History of Skogssällskapet
Skogssällskapet was founded in 1912 as an economic association, with the aim of reforesting the impoverished heathlands of southern Sweden. Today, Skogssällskapet is a public-service foundation, running a number of commercial companies. However, the basic concept has always remained the same: to promote forest management and nature conservation.
At the end of the 19th century, the Swedish forests had been cleared in many areas. Where slash-and-burn agriculture and war had not devastated the forests, the trees had been used in other ways. People were leaving the poverty in rural areas and moving to the towns and cities, or emigrating to America.
Wood was in high demand as a raw material, used for everything from shipbuilding and herring barrels to construction and charcoal burning. Edwin Ohlsson, a businessman in the wood product industry, travelled around the country and observed the devastation of the forests. But he also saw this as an opportunity – to reforest the impoverished landscape and give it a new lease of life.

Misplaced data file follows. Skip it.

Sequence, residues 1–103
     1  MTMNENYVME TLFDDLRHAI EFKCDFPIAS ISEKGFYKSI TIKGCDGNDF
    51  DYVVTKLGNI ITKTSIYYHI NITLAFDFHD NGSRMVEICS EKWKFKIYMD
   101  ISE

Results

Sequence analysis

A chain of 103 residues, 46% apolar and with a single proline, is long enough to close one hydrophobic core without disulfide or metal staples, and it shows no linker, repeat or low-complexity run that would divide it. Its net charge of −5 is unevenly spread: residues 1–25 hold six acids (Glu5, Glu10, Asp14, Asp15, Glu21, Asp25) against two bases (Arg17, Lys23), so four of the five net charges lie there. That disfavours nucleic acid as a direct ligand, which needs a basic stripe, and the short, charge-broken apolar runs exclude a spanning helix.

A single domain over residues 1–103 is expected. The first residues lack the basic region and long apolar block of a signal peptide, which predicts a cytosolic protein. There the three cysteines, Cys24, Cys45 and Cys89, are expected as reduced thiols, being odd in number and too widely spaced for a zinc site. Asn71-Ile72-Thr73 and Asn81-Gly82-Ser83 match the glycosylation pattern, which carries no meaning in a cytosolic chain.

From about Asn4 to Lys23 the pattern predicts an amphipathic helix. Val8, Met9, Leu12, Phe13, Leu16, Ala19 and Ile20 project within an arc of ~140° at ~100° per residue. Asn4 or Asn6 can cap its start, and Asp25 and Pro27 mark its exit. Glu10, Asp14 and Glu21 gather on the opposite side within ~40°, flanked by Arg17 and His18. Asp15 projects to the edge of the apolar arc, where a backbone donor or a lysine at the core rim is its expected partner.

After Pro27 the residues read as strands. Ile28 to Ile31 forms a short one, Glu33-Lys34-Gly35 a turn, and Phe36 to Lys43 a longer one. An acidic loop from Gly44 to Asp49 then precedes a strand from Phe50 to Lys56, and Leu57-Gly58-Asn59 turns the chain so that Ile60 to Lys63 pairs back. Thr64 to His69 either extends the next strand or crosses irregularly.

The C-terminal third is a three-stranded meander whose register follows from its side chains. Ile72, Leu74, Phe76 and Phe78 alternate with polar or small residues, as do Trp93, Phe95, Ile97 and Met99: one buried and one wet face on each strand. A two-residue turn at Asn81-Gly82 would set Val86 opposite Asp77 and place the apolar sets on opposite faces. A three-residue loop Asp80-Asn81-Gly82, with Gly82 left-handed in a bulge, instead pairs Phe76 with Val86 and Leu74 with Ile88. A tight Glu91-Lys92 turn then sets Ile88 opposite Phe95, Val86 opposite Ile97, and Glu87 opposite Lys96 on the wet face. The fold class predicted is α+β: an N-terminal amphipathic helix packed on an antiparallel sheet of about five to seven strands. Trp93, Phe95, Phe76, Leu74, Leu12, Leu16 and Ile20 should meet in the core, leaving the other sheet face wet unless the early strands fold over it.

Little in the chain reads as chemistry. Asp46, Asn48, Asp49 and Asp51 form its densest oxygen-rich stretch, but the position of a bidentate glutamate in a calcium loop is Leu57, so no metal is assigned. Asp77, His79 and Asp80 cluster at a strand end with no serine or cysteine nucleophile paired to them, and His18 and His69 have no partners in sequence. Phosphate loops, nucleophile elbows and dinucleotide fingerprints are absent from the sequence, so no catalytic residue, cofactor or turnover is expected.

Serving the forest for over a century
Radical measures were needed to save the forest. In 1912, Edwin Ohlsson initiated the formation of Southwest Sweden’s Skogssällskap as an economic association through a public announcement at the University of Gothenburg.
From the start, the objective of Skogssällskapet was to promote forest management, mainly through replanting on these impoverished heathlands and then converting the plantations to common forests.
In the decades that followed, the association accomplished a great deal, with large-scale restoration measures reforesting several hundred thousand hectares of barren windswept heathlands.
These activities also spread rapidly geographically, and Skogssällskapet was soon represented in much of the country .
In 1962, the Skogssällskapet statutes underwent major revision, and Skogssällskapet was converted from an economic association into a public-service foundation. Another change to the statutes was the inclusion of activities to promote nature conservation.
Today, the public-service activities in the Skogssällskapet foundation are kept separate from the commercial activities of the group companies.